Measuring Walkability with Walk Score

I’m pretty bearish on so-called ‘neighborhood’ sites right now. Relying on user generated content to provide information on local areas seems to me to be a tenuous proposition at best. This is particular evident at some of the higher-profile sites; the ghost town that is StreetAdvisor, Yourstreet folding up shop (see Yourstreet is Now Empty) – though they, at least, promise to relaunch in a different form.

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One neighborhood site that I’ve found particularly useful however is rather beautiful in its simplicity. Walk Score is a mashup that calculates how pedestrian friendly your neighborhood is by asking the question; “How Walkable is your House?”

Punch in your street address and the site maps a series of local landmarks it has pulled from Google Base; grocery stores, restaurants, coffee shops etc. – all relative to your location. Walk Score was refreshingly accurate in my neighborhood at least.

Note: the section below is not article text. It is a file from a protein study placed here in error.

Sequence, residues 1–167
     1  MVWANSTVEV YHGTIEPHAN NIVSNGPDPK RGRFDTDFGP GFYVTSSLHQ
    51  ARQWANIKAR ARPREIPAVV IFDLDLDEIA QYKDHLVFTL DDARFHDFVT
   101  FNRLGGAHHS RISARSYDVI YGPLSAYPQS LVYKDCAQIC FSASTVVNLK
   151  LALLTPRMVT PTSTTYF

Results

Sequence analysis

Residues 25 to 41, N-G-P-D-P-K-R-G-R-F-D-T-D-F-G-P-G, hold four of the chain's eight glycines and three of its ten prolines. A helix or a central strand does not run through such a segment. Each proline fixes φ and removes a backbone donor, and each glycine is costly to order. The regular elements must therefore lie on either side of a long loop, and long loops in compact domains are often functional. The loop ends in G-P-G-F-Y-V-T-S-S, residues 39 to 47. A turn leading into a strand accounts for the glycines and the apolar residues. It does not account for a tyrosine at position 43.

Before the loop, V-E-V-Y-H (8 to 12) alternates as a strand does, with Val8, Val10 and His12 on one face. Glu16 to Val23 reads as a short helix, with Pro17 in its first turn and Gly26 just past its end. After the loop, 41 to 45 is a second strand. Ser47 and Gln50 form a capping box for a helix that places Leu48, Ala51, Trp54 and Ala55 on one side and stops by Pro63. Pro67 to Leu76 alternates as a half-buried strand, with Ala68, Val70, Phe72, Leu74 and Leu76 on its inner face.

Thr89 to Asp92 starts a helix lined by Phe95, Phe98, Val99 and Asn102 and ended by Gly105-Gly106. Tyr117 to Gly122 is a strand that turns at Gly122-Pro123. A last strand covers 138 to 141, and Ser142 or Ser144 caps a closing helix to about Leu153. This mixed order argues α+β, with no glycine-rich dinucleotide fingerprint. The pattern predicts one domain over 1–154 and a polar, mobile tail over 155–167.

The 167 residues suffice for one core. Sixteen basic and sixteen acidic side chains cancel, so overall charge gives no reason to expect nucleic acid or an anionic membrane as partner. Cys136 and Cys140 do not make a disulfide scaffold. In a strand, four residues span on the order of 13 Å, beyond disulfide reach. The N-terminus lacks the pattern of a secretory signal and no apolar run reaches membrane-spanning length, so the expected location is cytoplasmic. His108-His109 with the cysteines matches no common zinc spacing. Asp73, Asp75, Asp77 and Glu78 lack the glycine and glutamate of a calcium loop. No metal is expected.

So, how does it work?

Walk Score™ uses a patent-pending algorithm to calculate the walkability of an address based on:

  • The distance to walkable locations near an address.
  • Calculating a score for each of these locations.
  • Combining these scores into one easy to read Walk Score.

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Brilliant. Walkability, at least for me, is huge criteria that goes into finding a new home. My current house scored a meager 62 out of 100, unfortunately. Better than Bill Gates however, whose house scored a microscopic 5 on the scale or George W. Bush’s Crawford, Texas ranch which got the big old Goose Egg.

I’d love to see this kind of integration into a broker or real estate search site. Very valuable information, beautifully executed.

Walk Score was created by the Sightline Institute, Cascadia’s (self-proclaimed) sustainability think tank. (For more on Cascadia, read this).